turn season

Turn: Eternity How Long

Turn, so far, continues to march in the right direction for a fledging dramatic series. Rather than peaking early and plummeting in quality (CBS’s Hostages, I’m talking to you), it has taken its time to gradually escalate tension chapter by chapter.

The show isn’t revolutionary (ahem) in that manner, but it’s a good sign that the audience lies in capable hands.

Sunday’s episode began in the Setauket cemetery with Abe Woodhull and family standing over the grave of his dead brother, Thomas. The scene cleverly established the central conflict of the episode – the proposal by Major Hewlett to dig up tombstones and use as protection of the Setauket garrison’s canons – while reinforcing the dramatic interaction between Abe and his father, Richard.

Yet, as we come to discover, Hewlett’s ploy has larger implications. It is one of two minor quibbles I have with this episode that Hewlett’s intentions are so clearly laid bare by on-the-nose dialogue at the end. Still, no matter how obvious the scene, it still gave Hewlett his season-best lines (as delivered gleefully by actor Burn Gorman of such varied projects as Game of Thrones and Pacific Rim), “This is why I picked gravestones. If it was this hard for the Loyalists to give them up, imagine how hard it will be for Rebels of the same region to fire upon them.”

Hewlett’s was one of four major deceptions that wove through the episode.

The second of the evening came in a subplot that hasn’t quite jelled for me yet. Major John Andre (JJ Feild) has effectively recruited a woman to seduce Rebel-sympathizer General Charles Lee for the purpose of obtaining colonist secrets. Lee has two weaknesses: a crippling jealousy against General George Washington and a penchant for blindfolded sex games. That is an enticing combination to explore, but the payoff seems distant.

Speaking of Washington, gallant soldier Ben Tallmadge and spy Caleb Brewster tried to share the information obtained last week via Abe’s first turn as spy – Hessian soldiers would soon march on Trenton, New Jersey. General Scott, who seems to critically misunderstand the concept of spying, refused to share the information without the identification of its source. Ben and Caleb devise a plan to push the information forward to Washington by manufacturing a more palpable report and hiding the Trenton plan within the documents.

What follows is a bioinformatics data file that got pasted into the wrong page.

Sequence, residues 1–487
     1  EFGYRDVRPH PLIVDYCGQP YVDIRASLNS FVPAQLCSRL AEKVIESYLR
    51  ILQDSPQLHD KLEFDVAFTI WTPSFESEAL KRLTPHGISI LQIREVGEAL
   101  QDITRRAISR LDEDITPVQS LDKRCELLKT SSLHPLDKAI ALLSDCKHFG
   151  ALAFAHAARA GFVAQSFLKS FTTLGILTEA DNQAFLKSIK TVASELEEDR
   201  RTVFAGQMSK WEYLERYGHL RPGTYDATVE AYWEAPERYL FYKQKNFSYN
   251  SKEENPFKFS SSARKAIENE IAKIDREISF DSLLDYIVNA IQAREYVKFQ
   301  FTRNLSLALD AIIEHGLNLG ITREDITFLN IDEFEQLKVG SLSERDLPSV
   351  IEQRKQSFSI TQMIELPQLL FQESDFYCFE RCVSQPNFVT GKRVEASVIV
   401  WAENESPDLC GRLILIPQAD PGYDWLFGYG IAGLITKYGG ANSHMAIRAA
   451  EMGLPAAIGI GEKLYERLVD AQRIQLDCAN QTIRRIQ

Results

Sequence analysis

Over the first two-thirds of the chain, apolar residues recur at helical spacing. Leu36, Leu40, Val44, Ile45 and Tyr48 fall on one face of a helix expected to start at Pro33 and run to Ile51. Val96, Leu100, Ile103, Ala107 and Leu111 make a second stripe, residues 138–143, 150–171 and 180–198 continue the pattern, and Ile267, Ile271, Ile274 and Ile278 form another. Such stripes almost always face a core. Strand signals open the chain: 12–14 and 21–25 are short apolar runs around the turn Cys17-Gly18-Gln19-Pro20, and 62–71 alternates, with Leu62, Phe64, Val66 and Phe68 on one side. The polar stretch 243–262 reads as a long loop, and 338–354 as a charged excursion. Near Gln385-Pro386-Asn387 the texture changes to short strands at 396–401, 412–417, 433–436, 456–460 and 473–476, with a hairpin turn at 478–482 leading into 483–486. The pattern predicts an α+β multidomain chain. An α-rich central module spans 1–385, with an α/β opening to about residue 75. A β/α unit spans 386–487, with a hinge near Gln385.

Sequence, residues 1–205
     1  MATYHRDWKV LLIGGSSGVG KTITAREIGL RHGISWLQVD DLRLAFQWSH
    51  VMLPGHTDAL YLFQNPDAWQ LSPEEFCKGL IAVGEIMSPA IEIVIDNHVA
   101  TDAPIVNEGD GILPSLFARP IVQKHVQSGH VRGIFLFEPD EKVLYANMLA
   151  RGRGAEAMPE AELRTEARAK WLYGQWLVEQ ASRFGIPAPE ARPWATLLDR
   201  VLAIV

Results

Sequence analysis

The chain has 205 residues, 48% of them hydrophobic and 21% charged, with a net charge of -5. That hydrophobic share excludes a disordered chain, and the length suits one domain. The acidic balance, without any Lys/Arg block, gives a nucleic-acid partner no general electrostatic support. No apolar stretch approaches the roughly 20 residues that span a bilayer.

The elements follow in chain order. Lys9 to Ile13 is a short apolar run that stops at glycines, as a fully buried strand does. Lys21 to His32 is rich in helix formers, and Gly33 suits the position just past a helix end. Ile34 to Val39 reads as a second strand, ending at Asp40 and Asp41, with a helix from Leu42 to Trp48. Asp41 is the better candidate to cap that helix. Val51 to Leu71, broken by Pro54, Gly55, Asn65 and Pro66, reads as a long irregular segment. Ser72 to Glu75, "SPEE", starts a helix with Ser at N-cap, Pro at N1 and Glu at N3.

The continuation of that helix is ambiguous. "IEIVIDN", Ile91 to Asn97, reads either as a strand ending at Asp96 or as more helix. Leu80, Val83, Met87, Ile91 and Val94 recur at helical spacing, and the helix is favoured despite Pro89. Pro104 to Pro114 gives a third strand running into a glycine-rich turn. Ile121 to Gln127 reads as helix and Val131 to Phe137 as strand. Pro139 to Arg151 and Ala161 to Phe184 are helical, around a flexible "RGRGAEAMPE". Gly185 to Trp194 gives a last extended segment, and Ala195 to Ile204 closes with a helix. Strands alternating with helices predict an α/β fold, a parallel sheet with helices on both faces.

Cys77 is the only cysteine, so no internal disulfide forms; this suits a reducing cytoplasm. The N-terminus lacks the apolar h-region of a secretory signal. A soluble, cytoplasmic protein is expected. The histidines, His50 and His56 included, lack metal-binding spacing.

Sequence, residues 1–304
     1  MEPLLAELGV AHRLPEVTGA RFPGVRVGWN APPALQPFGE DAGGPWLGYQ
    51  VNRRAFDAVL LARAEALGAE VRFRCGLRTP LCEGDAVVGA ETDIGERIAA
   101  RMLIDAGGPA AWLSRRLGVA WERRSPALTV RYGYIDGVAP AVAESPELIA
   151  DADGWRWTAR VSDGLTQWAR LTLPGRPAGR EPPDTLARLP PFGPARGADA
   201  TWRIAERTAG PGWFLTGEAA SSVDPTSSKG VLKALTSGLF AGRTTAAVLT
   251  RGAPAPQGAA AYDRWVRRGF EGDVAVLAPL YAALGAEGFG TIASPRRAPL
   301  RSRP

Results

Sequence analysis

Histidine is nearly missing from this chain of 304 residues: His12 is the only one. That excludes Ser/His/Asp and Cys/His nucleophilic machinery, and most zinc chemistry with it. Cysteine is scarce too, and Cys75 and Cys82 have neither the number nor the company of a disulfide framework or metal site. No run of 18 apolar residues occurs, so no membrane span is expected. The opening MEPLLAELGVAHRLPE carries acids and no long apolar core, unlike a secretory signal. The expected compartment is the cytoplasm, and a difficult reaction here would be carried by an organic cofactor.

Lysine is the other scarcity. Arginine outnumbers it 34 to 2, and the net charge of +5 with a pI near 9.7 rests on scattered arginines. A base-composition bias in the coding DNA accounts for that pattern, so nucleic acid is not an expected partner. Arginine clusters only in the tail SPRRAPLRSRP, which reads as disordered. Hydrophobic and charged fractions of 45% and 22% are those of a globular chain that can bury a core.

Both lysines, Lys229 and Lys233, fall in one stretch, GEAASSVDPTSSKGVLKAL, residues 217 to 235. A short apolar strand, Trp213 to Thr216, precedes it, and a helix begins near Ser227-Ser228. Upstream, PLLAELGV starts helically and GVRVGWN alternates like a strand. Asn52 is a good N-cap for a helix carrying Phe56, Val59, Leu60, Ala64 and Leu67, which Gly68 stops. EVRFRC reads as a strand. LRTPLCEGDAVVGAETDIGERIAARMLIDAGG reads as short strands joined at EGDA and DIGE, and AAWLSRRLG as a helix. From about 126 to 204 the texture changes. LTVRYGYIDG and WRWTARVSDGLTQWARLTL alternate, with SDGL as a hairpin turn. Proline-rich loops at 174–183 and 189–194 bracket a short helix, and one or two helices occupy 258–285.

Finally, Abe’s wife, Mary, was similarly fooled, not by trained soldiers, but by something far worse – her sewing circle. My second quibble with the episode was the absence of Anna Strong after last week’s admittedly anachronistic show of her “you go girl!” power. Instead, we are left with Mary, a woman so pure and good that she is rendered incapable of wooing her own husband.

She speaks in Instant Softies. Allow me to paraphrase: “The way you talked about your dead brother was so hot this morning that it made me want to have another baby. I can be whatever you want from a fetching milkmaid or a randy harlot. Just put that thing in me.”

Yeah, that didn’t work for Abe either.

He later confides in her about Hewett’s tombstone plot and his father’s turmoil over selecting the least offensive tombstones to dig up. It takes Mary’s quilting group about 3 minutes to divulge that information from her, providing an amusing foil to the more direct ways of secret stealing employed by men.

The episode culminates in a powerful resolution to the central tombstone plot with Richard drawing upon the Biblical analogy of Abraham and Isaac and tearing down his favorite son’s tombstone to donate to the cause. His desecration of Thomas’s memory sparks a fire of hatred within Abe. The play between the two actors has been the strongest character interaction of the series thus far, and this episode was no exception.

Abe’s anger reaches far beyond the citizens of Setauket, New Jersey. It represents the anger of the colonists at the hands of the ruling British, illustrating how the passion of an ordinary man could cripple an empire.

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Clarence Moye

Clarence Moye firmly believes that there is no such thing as too much Film or TV. He looks down on those who eschew pop culture. He also believes you can buy happiness. Despite his aversion to both the Internet and people, you can follow him on Twitter @chmoye.

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